We tend to associate British Music of the First World War with songs such as Pack up your Troubles .., Its a long way to Tipperary etc. But as those who attended the talk given by local historian Tim Porter learned recently, classical music was also being composed throughout that terrible conflict, music that brought solace, inspiration and hope to an already musically literate nation.
This fascinating talk covered the music of Gustav Holst, Ivor Gurney, Edward Elgar, Ralph Vaughan Williams and John Foulds. The practicalities of composition made it hard for composers who were actively on duty. So ideas were stored up for future composition, for example Vaughan Williams whose Pastoral Symphony so subtly and atmospherically caught the desolation and horror of the Western Front. Then there was Ivor Gurney, already in 1914 a gifted musician and later on a poet, who incredibly was able to write in quiet moments between fighting battles.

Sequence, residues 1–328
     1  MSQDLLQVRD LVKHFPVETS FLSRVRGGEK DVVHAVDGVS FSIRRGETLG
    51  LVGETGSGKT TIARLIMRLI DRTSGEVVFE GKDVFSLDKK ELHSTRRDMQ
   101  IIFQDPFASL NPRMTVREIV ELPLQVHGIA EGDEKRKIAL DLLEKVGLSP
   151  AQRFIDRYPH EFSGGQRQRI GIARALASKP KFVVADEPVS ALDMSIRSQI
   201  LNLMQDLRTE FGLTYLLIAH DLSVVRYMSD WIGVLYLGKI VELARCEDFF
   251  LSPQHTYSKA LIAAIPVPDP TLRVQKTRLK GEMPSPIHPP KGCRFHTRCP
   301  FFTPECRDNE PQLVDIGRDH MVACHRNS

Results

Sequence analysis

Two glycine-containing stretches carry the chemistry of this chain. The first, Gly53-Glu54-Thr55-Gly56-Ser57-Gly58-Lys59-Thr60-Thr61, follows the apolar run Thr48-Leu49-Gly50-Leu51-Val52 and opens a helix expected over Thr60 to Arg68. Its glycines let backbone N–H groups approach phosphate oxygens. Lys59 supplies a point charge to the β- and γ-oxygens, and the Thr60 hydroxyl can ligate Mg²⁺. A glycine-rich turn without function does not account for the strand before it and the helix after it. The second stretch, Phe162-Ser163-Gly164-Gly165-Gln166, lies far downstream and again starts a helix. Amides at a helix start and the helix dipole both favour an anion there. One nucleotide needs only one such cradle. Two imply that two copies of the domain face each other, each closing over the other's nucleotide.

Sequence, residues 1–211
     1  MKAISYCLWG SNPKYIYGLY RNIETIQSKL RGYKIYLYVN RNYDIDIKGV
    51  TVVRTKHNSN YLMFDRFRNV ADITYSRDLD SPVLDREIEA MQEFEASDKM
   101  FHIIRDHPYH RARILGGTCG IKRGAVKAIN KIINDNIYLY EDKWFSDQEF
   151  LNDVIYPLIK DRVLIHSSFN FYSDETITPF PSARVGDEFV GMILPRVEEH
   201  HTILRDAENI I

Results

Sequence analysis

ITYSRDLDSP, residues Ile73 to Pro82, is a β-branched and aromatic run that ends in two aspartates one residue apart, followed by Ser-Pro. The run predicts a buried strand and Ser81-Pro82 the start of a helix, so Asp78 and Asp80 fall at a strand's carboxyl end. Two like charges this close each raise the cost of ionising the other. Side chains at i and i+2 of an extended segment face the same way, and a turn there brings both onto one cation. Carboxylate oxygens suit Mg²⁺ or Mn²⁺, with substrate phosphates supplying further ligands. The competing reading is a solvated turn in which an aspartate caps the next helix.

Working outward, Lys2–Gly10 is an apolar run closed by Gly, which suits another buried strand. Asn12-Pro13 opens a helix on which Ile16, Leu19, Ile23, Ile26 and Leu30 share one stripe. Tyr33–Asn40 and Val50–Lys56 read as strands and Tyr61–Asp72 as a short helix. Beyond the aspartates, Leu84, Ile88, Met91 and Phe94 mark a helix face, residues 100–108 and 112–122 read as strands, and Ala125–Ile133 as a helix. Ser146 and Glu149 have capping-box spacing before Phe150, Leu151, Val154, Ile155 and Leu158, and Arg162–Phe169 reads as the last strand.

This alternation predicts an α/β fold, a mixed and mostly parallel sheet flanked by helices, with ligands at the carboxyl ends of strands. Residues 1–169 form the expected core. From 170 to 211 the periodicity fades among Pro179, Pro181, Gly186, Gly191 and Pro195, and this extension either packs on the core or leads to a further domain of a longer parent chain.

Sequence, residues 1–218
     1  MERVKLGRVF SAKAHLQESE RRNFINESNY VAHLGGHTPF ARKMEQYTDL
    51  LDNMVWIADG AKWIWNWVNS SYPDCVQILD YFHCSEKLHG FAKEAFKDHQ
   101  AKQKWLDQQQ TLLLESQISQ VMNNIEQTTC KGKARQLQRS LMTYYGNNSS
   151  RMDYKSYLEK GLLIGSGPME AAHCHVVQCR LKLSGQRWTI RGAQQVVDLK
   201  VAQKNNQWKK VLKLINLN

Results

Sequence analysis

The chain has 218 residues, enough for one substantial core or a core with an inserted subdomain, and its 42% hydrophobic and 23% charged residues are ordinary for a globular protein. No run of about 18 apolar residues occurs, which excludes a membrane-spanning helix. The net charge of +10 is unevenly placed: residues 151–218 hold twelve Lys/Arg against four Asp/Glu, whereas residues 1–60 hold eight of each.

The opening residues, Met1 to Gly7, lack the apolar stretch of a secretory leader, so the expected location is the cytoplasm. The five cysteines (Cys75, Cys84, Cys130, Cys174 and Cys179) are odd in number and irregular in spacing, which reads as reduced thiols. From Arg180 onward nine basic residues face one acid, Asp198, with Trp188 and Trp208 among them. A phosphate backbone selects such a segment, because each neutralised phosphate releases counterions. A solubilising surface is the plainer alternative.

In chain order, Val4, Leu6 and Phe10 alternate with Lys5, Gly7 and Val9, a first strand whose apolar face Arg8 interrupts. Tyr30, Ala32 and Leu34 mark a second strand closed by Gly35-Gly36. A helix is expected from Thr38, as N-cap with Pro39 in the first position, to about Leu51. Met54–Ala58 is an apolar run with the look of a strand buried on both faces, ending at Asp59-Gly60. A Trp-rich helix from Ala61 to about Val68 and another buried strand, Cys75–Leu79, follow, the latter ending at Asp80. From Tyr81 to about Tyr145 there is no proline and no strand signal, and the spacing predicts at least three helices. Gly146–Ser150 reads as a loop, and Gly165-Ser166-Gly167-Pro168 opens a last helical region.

here were others who didn’t participate in the war but still reacted to it such as Gustav Holst whose Planets Suite was written partly before and partly during WW1 (paradoxically Mars, the bringer of War was written before the war – a premonition of things to come). Also reacting to the war – and this time contradicting it, Elgar wrote the music for The Starlight Express, a fantasy play which ran very successfully for weeks. Finally we learned of John Foulds’ World Requiem, “A Cenotaph of Sound” and a call for pacifism for all nations, that was first performed on Armistice Day in 1923 and was performed with support of the Royal British Legion until 1926. (Interestingly it was only first heard in Germany in 2014.)
The talk, which was liberally supported by extracts from the composers, was much appreciated by members and guests of the Society.